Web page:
Azerbaijanis claiming to be “environmental activists,” who have been blockading the Lachin Corridor for the past 138 days announced on Friday that they would “temporarily” suspend their protests, Azerbaijani media reported.
The demonstrators’ so-called protest actions resulted in the complete blockade of Artsakh, creating a humanitarian crisis, which Artsakh authorities are calling an attempt by Baku to ethnically cleanse the Armenian population of Artsakh.
Azerbaijan’s president’s special envoy met with the protesters in Shushi on Friday and announced that beginning on April 23 a “new reality” has been created, the APA news agency reported.
On April 23, Azerbaijan set up an illegal checkpoint at the Lachin Corridor and closed the Hakari River bridge. Officials in Baku have said all traffic through the Lachin Corridor will be inspected by officers stationed at the checkpoint.
This has resulted in an international rebuke of Baku, with the United States, the European Union and Russia, whose peacekeeping forces are officially in charge of the road, all calling for Azerbaijan to end the blockade and respect the provisions of the November 9, 2020 agreement.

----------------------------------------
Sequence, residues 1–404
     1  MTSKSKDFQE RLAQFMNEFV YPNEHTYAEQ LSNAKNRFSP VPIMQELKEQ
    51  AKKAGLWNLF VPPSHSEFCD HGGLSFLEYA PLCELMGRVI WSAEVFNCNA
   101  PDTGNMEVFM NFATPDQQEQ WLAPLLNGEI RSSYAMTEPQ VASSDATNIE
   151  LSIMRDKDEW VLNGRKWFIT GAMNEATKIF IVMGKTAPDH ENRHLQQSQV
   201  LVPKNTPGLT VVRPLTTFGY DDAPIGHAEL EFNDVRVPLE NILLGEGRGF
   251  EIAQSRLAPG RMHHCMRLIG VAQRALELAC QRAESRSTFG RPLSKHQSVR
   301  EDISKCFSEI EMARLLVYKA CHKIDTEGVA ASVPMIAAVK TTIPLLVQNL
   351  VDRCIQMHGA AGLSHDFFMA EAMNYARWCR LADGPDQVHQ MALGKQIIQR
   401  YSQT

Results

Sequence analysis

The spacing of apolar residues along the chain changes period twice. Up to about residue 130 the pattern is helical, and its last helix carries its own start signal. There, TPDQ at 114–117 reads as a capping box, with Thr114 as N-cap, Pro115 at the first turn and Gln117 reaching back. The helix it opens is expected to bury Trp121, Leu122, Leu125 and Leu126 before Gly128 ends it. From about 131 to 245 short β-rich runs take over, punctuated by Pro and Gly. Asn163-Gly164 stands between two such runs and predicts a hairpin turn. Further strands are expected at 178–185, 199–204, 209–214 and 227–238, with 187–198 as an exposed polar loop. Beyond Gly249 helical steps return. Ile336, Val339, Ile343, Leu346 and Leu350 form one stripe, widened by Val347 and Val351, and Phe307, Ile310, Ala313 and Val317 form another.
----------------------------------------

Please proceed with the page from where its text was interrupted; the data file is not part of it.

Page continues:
French Foreign Minister Catherine Colonna, who earlier had urged Baku to end the Artsakh blockade, on Friday said that the checkpoint installed by Azerbaijan on the Lachin Corridor contradicts the November 9, 2020 agreement.
That agreement specifically calls for the unimpeded access to the road—the only road connecting Artsakh to Armenia—and adds that Russian peacekeepers will be responsible for handling all matters on the Lachin Corridor.
“Since April 23, a new situation has been created in connection with the establishment of a checkpoint in the sovereign territory of Azerbaijan by the units of the State Border Service,” the Azerbaijani presidential envoy told the protesters and asked them to halt their actions.